Whether you plan to age in place or need a safer space, these features can make any bathroom more accessible. Injuries that occur in the bathroom are more frequent in older populations, according to the Centers for Disease Control and Prevention. Whether you’re getting older yourself, want to plan ahead or are moving a parent into your home, there are several bathroom remodeling steps you can take to make the space more accommodating to seniors. Some are simple fixes you can do yourself, while others will likely require the services of a handyman or contractor. All of them depend on the level of mobility of the person using the bathroom.
Bathroom safety improvements you can do yourself
Install grab bars. Installing grab bars in the shower and around the toilet can help older people stay steady on their feet. Wall bars should be installed parallel to the ground.
Improve lighting. As vision tends to decrease with age, it’s important to make sure the bathroom is well lit. This might be as simple as replacing bulbs or swapping out existing light fixtures.
Change door handles and knobs. Older hands may have a hard time grasping small components, so make sure the bathroom door handle and the knobs on any of the cabinets and sinks are large and easy to use. You may also want to replace the faucets in the shower if they stick or are difficult to turn. When replacing light fixtures, make sure they work with a wall switch and don’t have small knobs that need to be twisted.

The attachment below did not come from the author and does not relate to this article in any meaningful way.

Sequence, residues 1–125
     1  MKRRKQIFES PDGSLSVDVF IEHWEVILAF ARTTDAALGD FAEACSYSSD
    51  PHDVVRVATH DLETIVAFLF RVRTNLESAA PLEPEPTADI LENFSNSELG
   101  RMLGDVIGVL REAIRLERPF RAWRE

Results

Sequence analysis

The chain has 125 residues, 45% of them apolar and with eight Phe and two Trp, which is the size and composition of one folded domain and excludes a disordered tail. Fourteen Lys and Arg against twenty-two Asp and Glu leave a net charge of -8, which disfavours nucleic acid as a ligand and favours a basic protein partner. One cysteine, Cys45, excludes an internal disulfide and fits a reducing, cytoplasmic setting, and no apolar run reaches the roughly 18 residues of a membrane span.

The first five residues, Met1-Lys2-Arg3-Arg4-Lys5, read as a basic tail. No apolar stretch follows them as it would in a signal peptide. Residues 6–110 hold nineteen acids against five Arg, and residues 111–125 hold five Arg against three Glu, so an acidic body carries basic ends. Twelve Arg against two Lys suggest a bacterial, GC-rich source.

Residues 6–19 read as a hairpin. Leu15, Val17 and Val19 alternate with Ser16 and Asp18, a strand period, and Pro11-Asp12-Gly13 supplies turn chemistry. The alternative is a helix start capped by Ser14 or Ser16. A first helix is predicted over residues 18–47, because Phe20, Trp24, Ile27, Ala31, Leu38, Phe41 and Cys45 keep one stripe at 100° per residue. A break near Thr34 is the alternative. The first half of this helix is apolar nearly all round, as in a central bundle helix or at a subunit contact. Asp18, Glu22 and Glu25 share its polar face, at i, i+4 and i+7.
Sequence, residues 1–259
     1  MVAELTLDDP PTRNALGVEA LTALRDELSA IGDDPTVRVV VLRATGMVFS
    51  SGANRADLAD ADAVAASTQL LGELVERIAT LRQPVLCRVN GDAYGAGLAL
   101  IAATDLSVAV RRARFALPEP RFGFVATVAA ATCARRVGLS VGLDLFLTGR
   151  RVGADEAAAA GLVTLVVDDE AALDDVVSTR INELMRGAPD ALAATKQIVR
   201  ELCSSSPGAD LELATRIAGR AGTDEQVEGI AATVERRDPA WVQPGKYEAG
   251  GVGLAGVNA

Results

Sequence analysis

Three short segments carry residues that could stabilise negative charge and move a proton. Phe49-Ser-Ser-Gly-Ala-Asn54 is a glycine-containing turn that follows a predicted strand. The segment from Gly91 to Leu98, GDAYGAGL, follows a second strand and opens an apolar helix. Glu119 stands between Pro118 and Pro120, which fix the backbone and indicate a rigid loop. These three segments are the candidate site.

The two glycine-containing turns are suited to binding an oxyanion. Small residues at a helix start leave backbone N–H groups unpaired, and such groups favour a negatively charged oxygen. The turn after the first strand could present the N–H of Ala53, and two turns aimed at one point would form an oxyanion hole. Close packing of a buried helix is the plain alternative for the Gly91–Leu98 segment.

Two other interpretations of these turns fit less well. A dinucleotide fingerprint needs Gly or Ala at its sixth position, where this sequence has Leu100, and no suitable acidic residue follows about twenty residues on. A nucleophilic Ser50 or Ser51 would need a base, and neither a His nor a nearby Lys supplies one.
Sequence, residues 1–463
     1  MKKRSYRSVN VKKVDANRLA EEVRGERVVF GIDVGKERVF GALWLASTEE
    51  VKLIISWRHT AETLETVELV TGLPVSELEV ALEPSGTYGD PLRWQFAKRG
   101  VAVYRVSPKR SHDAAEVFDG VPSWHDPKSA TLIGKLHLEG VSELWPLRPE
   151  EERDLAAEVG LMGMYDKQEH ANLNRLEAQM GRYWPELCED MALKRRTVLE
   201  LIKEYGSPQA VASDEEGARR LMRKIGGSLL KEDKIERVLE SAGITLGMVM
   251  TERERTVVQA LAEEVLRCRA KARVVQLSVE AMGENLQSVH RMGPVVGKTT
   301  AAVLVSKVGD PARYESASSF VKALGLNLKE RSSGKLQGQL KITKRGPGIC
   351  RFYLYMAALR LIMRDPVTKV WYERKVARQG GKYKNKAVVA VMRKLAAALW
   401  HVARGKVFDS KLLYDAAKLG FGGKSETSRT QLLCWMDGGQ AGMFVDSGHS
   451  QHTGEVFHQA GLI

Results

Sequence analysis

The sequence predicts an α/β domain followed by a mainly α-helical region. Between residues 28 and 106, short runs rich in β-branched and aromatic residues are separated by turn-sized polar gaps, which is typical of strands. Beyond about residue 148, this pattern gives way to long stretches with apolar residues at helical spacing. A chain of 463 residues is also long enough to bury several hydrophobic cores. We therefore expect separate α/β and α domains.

Install a nonslip mat in the shower. Slippery surfaces are dangerous enough for the young, but they can be downright deadly for the elderly. Make sure your tub or shower has a nonslip mat on the floor.
Purchase a transfer chair. The side of a tub will get harder to climb over as legs get weaker with age. One solution is to cut a gap in the side of the tub. Another option is to buy a transfer chair. It allows a person to sit outside the tub and then scoot over and into the shower area.
Bathroom improvements that require a contractor
Widen the doorway and remove thresholds. If they’re not already wide enough, doors should be widened to 32 to 36 inches. This facilitates wheelchair, scooter and walker access. Another option is to remove the threshold and replace it with a walk-in shower.
Raise or replace the sink. If the person using the bathroom will be in a wheelchair, the sink should be raised to a height of 30 to 34 inches and the bottom of the sink should be open and wide enough to allow the chair to fit. Otherwise, a sink could be raised to a height of 40 inches to help someone who has trouble bending over.
Install nonslip flooring. Slick surfaces and the elderly do not mix, so if you have glossy tile or marble on your bathroom floor, you might want to replace it with nonslip tile.
Install a special-height toilet. Elevating a toilet five to seven inches allows older adults to stand up more easily. A plumber can replace the existing toilet with one that has a taller profile, or the toilet seat can be replaced with an adjustable version that provides anywhere from three to six inches of extra height. You can also add inches to the toilet height by simply using a molded plastic seat.
Remove or replace rugs. Some people accessorize their bathrooms with rugs to have something soft to stand on while entering or exiting the shower. However, the soft backing on these makes them susceptible to slipping. The best thing to do is to remove the rug completely or replace it with a rubber mat that will not slip or move.
Install a thermostatic shower valve. Faucets with a thermostatic valve can’t get too hot, which reduces the possibility of burns.